Evoking the language reminiscent of an exuberant press release, I’ll Have makes much of “Jewish delis,” a term repeatedly invoked but never fully explained. Its text panels affirm that these institutions are “welcoming and comfortable places” that “play a central role in how [many Jews] express and connect to their identity.” Visitors are also given to understand that Jewish delis were a “lifeline” for Holocaust survivors and that the “fellowship that delis offered helped survivors heal.”

In keeping with the exhibition’s armature, the objects on display function more as props than as interpretive opportunities. Black and white checked linoleum flooring, a shiny metal cigarette dispenser, and a hefty metal cash register; a white porcelain scale and a meat slicer—the humble tools of the trade polished to a fare-thee-well—dutifully evoke the ambiance, the trappings, of the postwar establishment, but not much else. Also on hand are a pushcart, a suitcase, and even a pair of Shabbos candlesticks, items that seem to have wandered in from some other exhibition.

Most of these artifacts, culled from private collections and supplemented by the holdings of the Skirball Cultural Center and the New-York Historical Society, date from yesteryear, from the deli’s heyday in postwar America. The marvelous Mrs. Maisel, though, shows up toward the exhibition’s close, where the handsome cherry-red ensemble she wore in a 2018 episode at the Stage Deli keeps watch.

At nearly every turn, time stands still, regional differences are minimized, and significant internal distinctions between the kitchen-sink kind of deli, which mixes milk and meat products in the name of an inclusive Ashkenazi Jewish palate, and those establishments that are either “kosher-style” or “strictly kosher,” are flattened.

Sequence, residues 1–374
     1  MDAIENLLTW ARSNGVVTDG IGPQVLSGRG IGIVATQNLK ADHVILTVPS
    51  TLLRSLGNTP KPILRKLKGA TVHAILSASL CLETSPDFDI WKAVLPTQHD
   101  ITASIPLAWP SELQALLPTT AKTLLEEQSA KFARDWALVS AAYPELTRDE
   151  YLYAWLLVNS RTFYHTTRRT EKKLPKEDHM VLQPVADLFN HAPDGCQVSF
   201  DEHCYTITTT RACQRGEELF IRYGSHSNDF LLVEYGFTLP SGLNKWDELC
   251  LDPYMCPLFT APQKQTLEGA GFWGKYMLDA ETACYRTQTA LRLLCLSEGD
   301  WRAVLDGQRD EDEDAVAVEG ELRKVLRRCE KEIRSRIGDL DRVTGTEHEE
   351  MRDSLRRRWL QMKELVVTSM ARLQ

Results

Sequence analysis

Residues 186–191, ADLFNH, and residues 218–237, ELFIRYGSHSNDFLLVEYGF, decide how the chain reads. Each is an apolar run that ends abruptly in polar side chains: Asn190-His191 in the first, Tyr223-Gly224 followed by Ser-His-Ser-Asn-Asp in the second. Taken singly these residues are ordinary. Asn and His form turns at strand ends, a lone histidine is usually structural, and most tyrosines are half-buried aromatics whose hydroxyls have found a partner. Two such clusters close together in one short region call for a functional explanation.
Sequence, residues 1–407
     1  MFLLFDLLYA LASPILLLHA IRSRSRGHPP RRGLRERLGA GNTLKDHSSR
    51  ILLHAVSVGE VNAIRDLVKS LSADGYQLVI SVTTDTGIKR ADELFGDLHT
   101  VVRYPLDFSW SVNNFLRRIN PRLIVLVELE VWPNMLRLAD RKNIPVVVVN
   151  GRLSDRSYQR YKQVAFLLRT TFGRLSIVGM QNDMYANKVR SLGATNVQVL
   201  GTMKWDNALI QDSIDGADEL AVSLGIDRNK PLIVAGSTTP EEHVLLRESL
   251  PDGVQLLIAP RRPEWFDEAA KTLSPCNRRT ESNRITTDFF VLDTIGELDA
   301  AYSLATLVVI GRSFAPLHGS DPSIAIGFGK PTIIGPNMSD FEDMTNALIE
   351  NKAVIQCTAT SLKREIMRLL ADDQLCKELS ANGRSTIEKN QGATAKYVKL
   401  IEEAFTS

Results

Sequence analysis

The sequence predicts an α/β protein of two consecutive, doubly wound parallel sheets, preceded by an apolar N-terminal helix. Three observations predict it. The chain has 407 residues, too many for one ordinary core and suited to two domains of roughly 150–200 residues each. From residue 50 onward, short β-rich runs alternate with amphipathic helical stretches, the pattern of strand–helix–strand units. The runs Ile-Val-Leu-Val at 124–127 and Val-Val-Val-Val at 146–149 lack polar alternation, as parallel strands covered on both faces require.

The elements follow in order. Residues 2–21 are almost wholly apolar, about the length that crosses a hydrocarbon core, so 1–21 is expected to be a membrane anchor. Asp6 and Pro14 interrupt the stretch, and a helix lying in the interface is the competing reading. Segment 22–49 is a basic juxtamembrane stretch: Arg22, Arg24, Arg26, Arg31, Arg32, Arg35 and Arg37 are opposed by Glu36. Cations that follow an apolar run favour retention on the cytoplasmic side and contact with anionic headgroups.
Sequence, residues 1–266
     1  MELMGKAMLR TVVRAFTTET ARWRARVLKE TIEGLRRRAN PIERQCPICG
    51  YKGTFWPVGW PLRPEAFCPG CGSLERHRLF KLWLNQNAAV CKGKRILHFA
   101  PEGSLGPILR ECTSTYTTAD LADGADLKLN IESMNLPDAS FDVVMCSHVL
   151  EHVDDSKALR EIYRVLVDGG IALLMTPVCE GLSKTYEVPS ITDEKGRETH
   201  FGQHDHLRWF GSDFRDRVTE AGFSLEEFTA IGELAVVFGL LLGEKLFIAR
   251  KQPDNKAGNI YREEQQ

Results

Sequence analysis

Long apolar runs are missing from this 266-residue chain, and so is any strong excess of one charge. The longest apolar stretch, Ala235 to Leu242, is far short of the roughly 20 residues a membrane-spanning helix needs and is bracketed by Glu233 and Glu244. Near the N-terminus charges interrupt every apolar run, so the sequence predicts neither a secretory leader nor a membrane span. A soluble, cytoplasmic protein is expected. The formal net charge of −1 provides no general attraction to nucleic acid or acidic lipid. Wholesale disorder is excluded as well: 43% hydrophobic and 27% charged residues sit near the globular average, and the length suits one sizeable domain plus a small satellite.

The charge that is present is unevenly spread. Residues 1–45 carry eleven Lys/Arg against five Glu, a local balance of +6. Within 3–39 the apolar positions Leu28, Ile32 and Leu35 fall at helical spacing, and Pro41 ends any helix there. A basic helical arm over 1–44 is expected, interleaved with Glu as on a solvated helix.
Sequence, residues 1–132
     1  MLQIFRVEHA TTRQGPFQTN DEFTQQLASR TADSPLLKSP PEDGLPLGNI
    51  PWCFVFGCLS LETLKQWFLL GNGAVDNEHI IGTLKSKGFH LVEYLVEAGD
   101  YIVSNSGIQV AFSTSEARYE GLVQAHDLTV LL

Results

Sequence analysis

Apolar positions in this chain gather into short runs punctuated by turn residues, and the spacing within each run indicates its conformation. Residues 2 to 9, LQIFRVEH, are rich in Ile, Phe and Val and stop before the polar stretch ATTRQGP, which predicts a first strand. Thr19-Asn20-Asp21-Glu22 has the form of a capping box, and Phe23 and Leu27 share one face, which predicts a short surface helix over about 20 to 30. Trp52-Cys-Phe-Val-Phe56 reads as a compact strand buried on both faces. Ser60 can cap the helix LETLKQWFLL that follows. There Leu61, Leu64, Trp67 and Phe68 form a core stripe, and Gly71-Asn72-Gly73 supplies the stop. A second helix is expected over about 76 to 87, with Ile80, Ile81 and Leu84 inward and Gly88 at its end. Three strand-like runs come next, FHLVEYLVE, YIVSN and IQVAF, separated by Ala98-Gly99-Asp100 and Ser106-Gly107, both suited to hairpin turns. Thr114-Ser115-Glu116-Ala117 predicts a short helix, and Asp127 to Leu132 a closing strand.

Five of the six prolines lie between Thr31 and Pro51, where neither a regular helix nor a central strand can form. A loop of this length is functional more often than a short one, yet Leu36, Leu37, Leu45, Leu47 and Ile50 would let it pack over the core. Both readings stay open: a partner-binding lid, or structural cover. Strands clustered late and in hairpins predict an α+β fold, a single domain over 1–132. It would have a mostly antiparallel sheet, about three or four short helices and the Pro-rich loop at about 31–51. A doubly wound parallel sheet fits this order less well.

Potentially disruptive moments are also far and few between. They can be had, but only if visitors actively search for them. Those who peer closely into, and linger about, a vitrine densely packed with menus might notice, for instance, a reference to meatless Tuesdays, a practice instituted by New York’s Mayor Fiorella LaGuardia in 1942, during a period of intense wartime shortages.

Appealing in one of his radio broadcasts to “Mr. Delicatessen Storekeeper,” LaGuardia encouraged him to refrain from selling meat on Tuesdays, confident that his business stocked “such a variety of things … I’m sure you will not feel the difference.”

In another telling moment of which more can be made, I’ll Have encases a 1930s issue of the Mogen David Delicatessen Magazine, the house publication of the eponymous association of Jewish deli owners, that set forth a list of “fair prices” for deli items: A turkey sandwich, it counseled, should go for no more than 30 cents, a smoked salmon sandwich for half that.

Given the whopping disparity in prices between now and then, the attentive visitor might be taken aback by this document—and rightly so. But more than sticker shock should be at play here as well as in the phenomenon of meatless Tuesdays: Surely a thought or two—a curatorial intervention—about abundance and bounty, scarcity and deprivation might be in order, deepening and, yes, darkening this exhibition’s otherwise cheerful, unruffled landscape and that of American Jewish history writ large.

Living up to its name, I’ll Have What She’s Having doesn’t ask much of us. Enveloping rather than challenging, accepting rather than questioning, it offers up a unifying experience, not a fragmented one. As Ruth Glazer observed in a piquant account of the Jewish delicatessen, which appeared in Commentary in 1946, just a few short years after meatless Tuesdays, and as timely today as it was over 75 years ago: “Uncertain, in a precarious world, of the articles of their faith, the Jews of the neighborhood could make one affirmation unhesitatingly. Jewish food was good.”

Jenna Weissman Joselit, the Charles E. Smith Professor of Judaic Studies and Professor of History at the George Washington University, is currently at work on a biography of Mordecai M. Kaplan.